Mr. Speaker, I thank my colleague for Saint-Hyacinthe—Bagot for her question.
The problem is that Canadians are ill-informed about the circumstances in which their information is shared. They do not know when local or foreign governments get their information, how long they keep it for and with whom they share it. This goes to the heart of the problem, namely a lack of transparency. As the House is considering this bill, what we ask is to increase transparency in order to ensure data protection, and also to make sure there is accountability, so that we can see tangible protection put in place as time goes by.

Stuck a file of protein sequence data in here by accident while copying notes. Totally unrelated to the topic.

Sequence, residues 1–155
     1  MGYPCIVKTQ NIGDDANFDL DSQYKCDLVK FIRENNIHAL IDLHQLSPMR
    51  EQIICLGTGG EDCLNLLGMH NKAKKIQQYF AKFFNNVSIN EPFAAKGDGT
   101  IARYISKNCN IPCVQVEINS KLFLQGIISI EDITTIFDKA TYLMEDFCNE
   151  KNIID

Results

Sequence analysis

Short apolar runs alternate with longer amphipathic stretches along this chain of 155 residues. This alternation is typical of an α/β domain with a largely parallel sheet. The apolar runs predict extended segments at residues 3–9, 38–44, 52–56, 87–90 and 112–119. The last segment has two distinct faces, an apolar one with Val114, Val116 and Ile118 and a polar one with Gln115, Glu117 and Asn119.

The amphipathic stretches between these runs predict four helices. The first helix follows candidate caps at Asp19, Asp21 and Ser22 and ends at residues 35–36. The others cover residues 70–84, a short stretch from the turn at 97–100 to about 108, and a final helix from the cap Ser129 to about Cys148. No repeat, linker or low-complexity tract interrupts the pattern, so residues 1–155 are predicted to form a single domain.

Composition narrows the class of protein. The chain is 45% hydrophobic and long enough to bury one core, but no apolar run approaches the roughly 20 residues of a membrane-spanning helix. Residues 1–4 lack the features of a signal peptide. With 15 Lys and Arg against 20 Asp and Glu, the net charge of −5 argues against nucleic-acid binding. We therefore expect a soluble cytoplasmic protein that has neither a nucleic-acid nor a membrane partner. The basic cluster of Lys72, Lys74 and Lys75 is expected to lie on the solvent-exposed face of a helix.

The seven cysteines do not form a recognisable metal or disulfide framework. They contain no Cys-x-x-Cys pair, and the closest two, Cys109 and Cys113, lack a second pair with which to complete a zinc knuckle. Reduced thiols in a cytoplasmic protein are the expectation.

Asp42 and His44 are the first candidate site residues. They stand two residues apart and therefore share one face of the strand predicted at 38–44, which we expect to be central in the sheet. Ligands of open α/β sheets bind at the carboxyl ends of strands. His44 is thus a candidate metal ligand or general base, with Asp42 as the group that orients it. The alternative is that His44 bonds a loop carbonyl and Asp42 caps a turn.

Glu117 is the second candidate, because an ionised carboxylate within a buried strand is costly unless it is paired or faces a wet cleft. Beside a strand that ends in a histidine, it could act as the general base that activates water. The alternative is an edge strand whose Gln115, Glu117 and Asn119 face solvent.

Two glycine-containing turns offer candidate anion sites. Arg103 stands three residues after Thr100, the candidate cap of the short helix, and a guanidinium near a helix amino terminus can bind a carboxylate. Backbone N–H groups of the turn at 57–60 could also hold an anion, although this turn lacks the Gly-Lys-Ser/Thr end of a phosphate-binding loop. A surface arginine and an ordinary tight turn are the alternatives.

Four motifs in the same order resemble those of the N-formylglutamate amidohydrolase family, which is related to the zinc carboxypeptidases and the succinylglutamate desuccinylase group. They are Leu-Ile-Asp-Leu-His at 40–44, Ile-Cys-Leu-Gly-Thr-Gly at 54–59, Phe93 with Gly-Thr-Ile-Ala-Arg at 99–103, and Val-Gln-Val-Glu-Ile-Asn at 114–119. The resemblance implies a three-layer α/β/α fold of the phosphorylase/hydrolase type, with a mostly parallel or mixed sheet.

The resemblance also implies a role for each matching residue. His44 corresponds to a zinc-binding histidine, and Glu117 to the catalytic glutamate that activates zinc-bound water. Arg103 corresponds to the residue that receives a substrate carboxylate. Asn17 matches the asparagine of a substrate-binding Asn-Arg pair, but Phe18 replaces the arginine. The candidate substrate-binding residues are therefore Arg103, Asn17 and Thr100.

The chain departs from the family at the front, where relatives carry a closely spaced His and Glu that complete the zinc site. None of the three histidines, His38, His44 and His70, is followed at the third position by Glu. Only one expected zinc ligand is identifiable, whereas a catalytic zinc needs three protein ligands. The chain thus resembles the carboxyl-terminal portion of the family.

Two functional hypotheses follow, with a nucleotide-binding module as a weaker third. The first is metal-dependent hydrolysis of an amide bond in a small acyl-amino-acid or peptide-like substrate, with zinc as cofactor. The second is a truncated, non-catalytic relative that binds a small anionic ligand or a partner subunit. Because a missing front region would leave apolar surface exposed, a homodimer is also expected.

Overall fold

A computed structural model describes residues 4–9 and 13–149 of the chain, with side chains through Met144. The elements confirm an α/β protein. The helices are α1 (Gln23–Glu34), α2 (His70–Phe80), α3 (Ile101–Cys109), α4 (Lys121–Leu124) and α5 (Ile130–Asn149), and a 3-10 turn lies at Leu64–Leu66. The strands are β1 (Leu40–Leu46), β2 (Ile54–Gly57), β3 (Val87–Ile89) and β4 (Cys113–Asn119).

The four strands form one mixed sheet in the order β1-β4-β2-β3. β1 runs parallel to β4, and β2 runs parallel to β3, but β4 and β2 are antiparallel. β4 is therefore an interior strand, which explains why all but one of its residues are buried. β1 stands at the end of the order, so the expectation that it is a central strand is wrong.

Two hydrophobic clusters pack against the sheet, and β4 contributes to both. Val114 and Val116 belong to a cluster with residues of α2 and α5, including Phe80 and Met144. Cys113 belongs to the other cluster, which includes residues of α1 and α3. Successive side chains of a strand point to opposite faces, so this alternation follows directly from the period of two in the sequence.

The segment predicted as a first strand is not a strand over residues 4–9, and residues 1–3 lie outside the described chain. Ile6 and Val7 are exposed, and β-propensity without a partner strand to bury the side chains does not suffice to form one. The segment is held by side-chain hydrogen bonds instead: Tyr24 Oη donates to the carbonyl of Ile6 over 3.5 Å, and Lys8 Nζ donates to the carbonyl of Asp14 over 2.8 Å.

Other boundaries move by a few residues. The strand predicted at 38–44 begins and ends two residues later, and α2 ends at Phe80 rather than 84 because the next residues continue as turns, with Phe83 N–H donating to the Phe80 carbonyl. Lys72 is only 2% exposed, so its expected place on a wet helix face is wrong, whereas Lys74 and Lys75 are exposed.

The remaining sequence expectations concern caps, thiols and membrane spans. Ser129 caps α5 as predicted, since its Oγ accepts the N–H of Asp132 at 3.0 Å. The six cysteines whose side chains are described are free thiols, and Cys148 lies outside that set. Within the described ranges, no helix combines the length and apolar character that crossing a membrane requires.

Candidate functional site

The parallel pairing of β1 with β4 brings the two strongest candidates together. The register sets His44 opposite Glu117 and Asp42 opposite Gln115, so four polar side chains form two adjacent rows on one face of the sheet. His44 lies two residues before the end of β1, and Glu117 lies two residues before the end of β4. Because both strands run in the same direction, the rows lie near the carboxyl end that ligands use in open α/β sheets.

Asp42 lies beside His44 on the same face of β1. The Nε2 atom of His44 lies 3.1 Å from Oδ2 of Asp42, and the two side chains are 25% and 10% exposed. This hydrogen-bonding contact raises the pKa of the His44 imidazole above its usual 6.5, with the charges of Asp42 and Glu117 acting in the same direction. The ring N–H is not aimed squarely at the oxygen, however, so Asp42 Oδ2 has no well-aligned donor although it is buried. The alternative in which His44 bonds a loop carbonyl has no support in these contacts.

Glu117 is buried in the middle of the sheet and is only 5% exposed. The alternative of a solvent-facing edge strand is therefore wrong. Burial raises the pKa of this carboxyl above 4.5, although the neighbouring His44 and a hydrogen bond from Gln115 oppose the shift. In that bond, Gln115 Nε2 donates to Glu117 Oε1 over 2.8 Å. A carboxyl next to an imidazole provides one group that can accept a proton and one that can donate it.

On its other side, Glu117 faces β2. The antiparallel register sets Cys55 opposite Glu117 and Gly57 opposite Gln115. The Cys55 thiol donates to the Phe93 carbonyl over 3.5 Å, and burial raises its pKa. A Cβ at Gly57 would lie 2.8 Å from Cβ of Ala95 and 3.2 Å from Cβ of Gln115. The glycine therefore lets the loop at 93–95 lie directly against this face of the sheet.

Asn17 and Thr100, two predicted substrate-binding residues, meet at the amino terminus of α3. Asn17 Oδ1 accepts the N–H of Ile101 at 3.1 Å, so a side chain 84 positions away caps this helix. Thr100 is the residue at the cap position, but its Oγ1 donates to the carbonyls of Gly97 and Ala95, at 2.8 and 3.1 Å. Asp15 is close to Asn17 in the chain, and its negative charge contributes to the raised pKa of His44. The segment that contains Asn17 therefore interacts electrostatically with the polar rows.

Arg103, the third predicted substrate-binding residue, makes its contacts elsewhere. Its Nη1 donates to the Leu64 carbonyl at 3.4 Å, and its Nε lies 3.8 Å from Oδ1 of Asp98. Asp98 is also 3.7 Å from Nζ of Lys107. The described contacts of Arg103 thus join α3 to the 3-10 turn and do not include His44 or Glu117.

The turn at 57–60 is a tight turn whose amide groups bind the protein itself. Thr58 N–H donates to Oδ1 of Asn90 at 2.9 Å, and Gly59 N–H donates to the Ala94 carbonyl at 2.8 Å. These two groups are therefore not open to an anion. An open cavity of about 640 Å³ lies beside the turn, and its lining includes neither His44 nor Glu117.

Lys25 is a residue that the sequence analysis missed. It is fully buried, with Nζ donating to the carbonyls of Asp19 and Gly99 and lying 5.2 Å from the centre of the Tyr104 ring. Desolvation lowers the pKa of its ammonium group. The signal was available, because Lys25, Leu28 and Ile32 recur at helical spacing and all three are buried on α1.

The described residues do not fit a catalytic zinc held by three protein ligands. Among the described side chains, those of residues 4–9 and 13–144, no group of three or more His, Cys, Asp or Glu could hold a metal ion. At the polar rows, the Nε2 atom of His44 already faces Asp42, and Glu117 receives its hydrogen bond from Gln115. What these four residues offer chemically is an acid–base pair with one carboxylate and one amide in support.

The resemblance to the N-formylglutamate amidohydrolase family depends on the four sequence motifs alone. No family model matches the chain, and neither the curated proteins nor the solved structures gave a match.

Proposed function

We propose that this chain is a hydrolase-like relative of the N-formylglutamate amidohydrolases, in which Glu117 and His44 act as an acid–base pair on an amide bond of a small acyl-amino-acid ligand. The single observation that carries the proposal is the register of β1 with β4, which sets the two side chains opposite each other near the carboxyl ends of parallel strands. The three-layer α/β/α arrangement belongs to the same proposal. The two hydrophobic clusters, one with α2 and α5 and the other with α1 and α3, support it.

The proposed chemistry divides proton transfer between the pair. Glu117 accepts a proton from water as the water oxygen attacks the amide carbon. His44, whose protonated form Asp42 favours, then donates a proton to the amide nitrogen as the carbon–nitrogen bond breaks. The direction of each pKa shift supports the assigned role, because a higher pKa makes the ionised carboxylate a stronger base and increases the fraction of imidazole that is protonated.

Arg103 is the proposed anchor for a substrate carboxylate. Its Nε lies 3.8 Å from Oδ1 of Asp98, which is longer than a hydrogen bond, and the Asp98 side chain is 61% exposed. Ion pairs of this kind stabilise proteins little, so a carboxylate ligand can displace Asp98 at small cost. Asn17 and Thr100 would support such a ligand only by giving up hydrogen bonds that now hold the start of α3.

Transparency is therefore one of the fundamental aspects of protecting personal information. It allows citizens to know when their personal information has been shared and their right to privacy has been breached, so that they can act accordingly. This is very important and must be done as similar bills are being passed which require increased transparency.